Karen: Yeah. I think part of the root of it is that there’s this ethos that we really all try to evangelize in the mobile space which is you should serve the same stuff to every platform.
You should aim content parody where you aren’t thinking of mobile and desktop is being completely different silos, completely different experiences. Your goal, first and foremost, should be to get all of the same stuff onto every platform.
You could see how a client, a decision maker could reasonably say, “Oh, OK. We’re supposed to serve the same stuff to every platform. Well, we’ll just take what we have and we’ll try to serve it on mobile.”
You need to explain, “Well, yes, you should serve the same stuff but it can’t be exactly what you have on the desktop right now. Your going to have to go through and evaluate whether it’s any good.”
“You are going to need to assess whether, what’s a page? The container of a page is likely to be different on desktop versus mobile or on a larger screen size versus a smaller screen size.”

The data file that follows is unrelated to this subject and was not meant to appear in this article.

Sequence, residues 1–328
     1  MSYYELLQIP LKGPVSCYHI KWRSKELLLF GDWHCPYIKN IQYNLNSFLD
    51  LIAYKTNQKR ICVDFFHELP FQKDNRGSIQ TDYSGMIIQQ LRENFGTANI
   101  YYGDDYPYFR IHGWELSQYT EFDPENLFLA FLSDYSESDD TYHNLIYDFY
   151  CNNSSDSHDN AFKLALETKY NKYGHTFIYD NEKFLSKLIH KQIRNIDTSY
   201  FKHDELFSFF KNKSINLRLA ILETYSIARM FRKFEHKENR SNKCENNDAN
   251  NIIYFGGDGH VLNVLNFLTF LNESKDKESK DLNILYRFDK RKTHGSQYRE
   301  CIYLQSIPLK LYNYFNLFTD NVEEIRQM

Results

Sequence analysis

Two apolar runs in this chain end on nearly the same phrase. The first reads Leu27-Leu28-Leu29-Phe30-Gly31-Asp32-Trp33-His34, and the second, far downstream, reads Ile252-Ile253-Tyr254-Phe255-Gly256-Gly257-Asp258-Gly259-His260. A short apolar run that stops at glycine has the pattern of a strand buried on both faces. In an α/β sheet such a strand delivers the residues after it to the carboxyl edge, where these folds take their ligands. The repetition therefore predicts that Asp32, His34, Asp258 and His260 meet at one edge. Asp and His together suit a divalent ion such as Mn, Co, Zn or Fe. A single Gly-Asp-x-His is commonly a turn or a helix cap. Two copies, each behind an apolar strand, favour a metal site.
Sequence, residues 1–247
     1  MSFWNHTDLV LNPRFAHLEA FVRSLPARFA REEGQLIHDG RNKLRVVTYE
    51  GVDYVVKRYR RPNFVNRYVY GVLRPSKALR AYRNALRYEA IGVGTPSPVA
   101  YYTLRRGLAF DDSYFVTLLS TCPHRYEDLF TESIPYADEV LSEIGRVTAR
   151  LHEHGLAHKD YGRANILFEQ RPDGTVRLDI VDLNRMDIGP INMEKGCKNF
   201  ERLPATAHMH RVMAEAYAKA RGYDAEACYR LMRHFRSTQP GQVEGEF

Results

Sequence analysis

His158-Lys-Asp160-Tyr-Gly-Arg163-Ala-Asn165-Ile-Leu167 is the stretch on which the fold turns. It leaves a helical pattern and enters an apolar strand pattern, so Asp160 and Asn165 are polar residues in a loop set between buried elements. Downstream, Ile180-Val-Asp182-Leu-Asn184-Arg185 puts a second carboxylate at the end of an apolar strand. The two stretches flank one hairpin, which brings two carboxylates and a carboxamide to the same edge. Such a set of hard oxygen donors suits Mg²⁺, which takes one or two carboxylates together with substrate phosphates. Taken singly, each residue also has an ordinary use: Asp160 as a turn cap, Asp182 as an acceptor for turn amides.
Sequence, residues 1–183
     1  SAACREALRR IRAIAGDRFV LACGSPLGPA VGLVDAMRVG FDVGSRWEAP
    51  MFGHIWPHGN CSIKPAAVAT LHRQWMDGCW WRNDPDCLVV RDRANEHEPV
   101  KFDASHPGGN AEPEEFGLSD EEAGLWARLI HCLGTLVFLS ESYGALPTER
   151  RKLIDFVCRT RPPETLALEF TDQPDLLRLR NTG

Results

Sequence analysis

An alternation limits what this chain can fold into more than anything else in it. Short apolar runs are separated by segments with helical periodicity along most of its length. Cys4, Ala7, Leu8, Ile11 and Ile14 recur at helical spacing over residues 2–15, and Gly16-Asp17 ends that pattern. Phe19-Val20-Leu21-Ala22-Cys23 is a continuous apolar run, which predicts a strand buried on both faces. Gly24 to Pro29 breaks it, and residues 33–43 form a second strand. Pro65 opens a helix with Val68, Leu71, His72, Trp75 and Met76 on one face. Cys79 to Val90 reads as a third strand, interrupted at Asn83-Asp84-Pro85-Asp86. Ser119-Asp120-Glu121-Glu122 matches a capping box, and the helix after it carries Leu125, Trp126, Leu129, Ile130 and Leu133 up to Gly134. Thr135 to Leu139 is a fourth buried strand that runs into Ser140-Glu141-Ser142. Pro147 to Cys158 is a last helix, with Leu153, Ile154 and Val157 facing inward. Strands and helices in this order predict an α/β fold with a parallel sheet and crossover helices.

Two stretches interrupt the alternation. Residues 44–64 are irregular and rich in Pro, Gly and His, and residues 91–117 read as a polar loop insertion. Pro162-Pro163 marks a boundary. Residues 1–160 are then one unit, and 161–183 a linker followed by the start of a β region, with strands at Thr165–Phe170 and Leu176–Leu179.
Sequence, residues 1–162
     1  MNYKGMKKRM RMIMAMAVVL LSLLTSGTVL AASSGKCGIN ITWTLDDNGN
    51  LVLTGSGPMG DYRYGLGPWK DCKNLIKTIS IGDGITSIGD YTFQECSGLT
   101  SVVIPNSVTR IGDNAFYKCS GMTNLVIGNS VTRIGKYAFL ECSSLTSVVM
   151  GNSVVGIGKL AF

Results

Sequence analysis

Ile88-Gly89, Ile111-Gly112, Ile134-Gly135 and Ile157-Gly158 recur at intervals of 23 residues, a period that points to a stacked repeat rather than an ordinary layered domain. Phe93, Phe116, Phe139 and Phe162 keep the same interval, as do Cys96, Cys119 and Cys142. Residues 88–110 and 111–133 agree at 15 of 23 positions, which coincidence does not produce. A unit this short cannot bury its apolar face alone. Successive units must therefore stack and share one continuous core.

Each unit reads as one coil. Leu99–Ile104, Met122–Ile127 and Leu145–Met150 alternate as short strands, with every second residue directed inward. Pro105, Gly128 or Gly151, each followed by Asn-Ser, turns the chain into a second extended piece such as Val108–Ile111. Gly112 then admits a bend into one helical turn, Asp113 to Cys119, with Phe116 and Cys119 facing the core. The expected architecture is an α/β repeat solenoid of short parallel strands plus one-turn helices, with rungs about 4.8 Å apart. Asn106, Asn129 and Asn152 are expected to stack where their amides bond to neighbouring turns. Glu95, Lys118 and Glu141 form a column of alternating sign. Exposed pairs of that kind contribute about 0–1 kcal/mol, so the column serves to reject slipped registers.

If your thinking about going responsive, you probably need to strike a balance between those two form factors and do something different than what you might do for either one, if you were thinking of each on in isolation.
You might need to develop alternative forms of some chunks of content. The shorter headline example is one that I use a lot. You might need additional little summaries for pages that can serve for navigation, or other cues that help people to know what’s going to happen when they tap.
You might even need to think about how you present content. What’s the right form factor in which to present content? One example that people always give me is, “Well, what if the whole point of this page is this comparison chart, a big product comparison chart. That’s why the user is coming to the page?”
I’m like, “Well, the point of the page isn’t the table. The point of the page is that the user wants to compare two products or something that might be presented as a sizing chart, in a tabular format, on the desktop.
A tabular format might be the best presentation on a large screen size, but that doesn’t mean that the user’s goal is to look at a table. It means that the user’s goal is to say, “Will these pants fit me?” Or, “Which of these two products meets my needs?”
You might need to come up with a completely different separate presentation or interaction model on a smaller screen size. You have the same content and the sizing chart is not going to change.
The product comparison is not going to change but on a smaller screen size, maybe you need to turn it into some kind of Q & A wizard format, or drop down, or you have to find different visual and physical techniques to communicate the same information.